JUnit 4.6 introduced a ParallelComputer class which offered the parallel execution of tests. However, this functionality was not publicly accessible until JUnit 4.7 which provided the possibility to set a custom scheduler for the parent runner.

public class ParallelScheduler implements RunnerScheduler {

    private ExecutorService threadPool = Executors.newFixedThreadPool(
        Runtime.getRuntime().availableProcessors());

    @Override
    public void schedule(Runnable childStatement) {
        threadPool.submit(childStatement);
    }

    @Override
    public void finished() {
        try {
            threadPool.shutdown();
            threadPool.awaitTermination(Long.MAX_VALUE, TimeUnit.NANOSECONDS);
        } catch (InterruptedException e) {
            Thread.currentThread().interrupt();
            throw new RuntimeException("Got interrupted", e);
        }
    }
}

public class ParallelRunner extends BlockJUnit4ClassRunner {

    public ParallelRunner(Class<?> klass) throws InitializationError {
        super(klass);
        setScheduler(new ParallelScheduler());
    }
}

If you now annotate a test-class with @RunWith(ParallelRunner.class) each method will run within its own thread. Furthermore, there will be as many active threads (only) as CPU-cores are available at the executing machine.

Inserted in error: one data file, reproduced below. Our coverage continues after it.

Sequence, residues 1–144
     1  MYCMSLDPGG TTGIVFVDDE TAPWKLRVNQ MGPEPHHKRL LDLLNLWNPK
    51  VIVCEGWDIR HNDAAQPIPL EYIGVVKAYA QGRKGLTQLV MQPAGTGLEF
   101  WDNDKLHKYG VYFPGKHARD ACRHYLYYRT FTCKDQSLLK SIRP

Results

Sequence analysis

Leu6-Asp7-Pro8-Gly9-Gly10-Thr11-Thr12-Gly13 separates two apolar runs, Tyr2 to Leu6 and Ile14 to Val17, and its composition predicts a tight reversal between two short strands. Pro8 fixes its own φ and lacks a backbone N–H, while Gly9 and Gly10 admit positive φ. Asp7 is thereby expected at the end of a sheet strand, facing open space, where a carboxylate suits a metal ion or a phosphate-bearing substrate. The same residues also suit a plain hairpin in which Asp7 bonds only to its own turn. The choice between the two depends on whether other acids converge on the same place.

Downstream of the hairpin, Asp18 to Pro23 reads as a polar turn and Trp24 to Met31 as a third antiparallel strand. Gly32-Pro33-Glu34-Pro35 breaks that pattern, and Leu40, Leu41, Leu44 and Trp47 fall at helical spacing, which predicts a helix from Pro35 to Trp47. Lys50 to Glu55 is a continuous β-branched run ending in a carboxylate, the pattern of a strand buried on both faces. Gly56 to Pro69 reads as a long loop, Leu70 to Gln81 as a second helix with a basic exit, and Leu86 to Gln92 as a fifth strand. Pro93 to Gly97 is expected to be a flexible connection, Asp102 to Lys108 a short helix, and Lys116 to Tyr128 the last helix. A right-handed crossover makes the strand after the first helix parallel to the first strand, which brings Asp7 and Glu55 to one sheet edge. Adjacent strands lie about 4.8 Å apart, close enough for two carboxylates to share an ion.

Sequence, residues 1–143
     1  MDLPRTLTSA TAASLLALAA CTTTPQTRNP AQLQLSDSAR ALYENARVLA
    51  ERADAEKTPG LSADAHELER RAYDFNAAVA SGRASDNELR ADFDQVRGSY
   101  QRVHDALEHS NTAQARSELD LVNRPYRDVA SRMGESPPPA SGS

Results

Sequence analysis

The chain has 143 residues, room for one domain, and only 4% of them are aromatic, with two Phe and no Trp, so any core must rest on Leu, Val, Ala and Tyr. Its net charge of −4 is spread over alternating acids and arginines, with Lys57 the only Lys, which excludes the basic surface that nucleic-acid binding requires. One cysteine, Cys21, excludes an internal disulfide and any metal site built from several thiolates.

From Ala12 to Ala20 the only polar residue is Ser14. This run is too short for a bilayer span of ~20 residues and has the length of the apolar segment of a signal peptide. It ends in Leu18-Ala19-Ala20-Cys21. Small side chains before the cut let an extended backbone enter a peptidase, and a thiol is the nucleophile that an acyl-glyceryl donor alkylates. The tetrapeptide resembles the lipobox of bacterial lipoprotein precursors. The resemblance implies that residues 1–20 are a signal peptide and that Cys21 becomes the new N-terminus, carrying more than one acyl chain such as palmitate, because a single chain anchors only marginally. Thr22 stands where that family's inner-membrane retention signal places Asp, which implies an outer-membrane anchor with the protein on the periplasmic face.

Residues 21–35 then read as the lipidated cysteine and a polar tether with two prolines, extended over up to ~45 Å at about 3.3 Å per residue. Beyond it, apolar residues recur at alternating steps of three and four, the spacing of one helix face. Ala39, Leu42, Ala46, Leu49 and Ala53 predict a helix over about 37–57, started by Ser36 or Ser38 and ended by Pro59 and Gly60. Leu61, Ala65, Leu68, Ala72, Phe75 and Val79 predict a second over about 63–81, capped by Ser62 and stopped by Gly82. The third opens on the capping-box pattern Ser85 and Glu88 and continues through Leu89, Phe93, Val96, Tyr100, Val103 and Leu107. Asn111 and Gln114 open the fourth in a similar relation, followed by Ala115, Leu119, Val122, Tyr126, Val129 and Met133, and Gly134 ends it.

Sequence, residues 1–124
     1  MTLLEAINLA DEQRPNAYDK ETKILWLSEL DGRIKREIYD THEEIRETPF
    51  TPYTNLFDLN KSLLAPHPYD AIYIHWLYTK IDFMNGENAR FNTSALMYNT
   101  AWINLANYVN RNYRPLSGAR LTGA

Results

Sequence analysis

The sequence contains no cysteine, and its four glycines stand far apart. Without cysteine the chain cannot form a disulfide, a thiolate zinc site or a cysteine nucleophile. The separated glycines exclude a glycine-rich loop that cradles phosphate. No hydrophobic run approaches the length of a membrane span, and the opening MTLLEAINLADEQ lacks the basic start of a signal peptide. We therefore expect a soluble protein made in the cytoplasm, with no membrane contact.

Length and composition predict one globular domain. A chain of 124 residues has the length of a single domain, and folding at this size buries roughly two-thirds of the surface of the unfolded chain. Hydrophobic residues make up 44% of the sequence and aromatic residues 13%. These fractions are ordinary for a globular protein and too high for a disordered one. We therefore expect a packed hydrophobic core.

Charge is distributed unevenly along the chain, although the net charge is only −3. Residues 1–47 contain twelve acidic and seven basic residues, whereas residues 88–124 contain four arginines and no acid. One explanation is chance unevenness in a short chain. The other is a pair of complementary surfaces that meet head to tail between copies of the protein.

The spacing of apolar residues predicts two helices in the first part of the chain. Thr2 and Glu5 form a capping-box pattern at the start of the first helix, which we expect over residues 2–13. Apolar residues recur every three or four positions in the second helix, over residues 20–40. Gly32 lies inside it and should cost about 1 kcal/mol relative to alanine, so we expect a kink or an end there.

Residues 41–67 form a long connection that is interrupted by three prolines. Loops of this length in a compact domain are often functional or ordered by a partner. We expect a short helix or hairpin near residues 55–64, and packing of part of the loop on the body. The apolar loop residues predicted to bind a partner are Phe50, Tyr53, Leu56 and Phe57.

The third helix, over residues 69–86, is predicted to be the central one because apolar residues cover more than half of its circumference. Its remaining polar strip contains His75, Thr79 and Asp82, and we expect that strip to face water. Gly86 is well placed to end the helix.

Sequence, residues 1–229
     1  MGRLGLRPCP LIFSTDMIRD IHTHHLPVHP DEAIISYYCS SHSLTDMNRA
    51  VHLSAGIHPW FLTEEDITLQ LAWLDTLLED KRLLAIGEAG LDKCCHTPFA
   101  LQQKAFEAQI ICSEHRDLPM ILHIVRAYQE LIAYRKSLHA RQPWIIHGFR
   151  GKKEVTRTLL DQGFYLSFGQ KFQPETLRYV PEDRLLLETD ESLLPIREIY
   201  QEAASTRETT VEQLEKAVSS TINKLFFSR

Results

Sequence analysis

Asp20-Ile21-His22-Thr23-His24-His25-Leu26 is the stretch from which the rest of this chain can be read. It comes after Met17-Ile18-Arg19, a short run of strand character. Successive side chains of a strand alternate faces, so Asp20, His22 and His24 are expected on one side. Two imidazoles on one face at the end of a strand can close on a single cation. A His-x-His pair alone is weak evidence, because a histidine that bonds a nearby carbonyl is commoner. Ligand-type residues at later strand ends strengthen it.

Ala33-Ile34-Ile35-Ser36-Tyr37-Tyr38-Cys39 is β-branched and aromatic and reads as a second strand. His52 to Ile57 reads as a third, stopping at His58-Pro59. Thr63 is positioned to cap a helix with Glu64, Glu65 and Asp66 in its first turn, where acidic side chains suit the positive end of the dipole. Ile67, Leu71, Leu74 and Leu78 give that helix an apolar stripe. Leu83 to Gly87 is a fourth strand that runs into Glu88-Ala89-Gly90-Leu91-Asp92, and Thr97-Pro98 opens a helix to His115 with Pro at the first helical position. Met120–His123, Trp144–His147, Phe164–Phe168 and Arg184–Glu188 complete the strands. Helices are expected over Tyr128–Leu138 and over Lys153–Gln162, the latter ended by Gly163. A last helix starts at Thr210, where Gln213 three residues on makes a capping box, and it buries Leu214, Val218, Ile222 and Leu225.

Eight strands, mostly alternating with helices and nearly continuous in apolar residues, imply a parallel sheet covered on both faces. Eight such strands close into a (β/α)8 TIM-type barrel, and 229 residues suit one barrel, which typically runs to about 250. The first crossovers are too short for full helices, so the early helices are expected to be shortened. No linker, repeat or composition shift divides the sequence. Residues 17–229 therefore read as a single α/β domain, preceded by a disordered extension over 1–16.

If multiple classes should be executed in parallel you can define a customized suite like this:

public class ParallelSuite extends Suite {

    public ParallelSuite(Class<?> klass, RunnerBuilder builder) 
      throws InitializationError {
        super(klass, builder);
        setScheduler(new ParallelScheduler());
    }
}

and then change @RunWith(Suite.class) with @RunWith(ParallelSuite.class)

You can even leverage the functionality of f.e. the WildcardPatternSuite by extending directly from that suite instead of Suite as in the example before. This enables you furthermore to filter unit-tests f.e. by any @Category - a TestSuite which only executes UnitTest annotated categories in parallel could look like this:

public interface UnitTest {

}

@RunWith(ParallelSuite.class)
@SuiteClasses("**/*Test.class")
@IncludeCategories(UnitTest.class)
public class UnitTestSuite {

}

A simple test case could now look like this:

@Category(UnitTest.class)
@RunWith(MockitoJUnitRunner.class)
public class SomeClassTest {

    @Test
    public void testSomething() {
        ...
    }
}

The UnitTestSuite will execute each class found in subdirecotries that ends with Test and has a @Category(UnitTest.class) specified in parallel - depending on the number of CPU cores available.

I'm not sure if it can get simpler than that :)

1
6

Apparently in his post "Concurrent JUnit Tests With RunnerScheduler" Mathieu Carbou has done implementation for concurrence that could helps!

http://dzone.com/articles/concurrent-junit-tests

OneJunit

@RunWith(ConcurrentJunitRunner.class)
@Concurrent(threads = 6)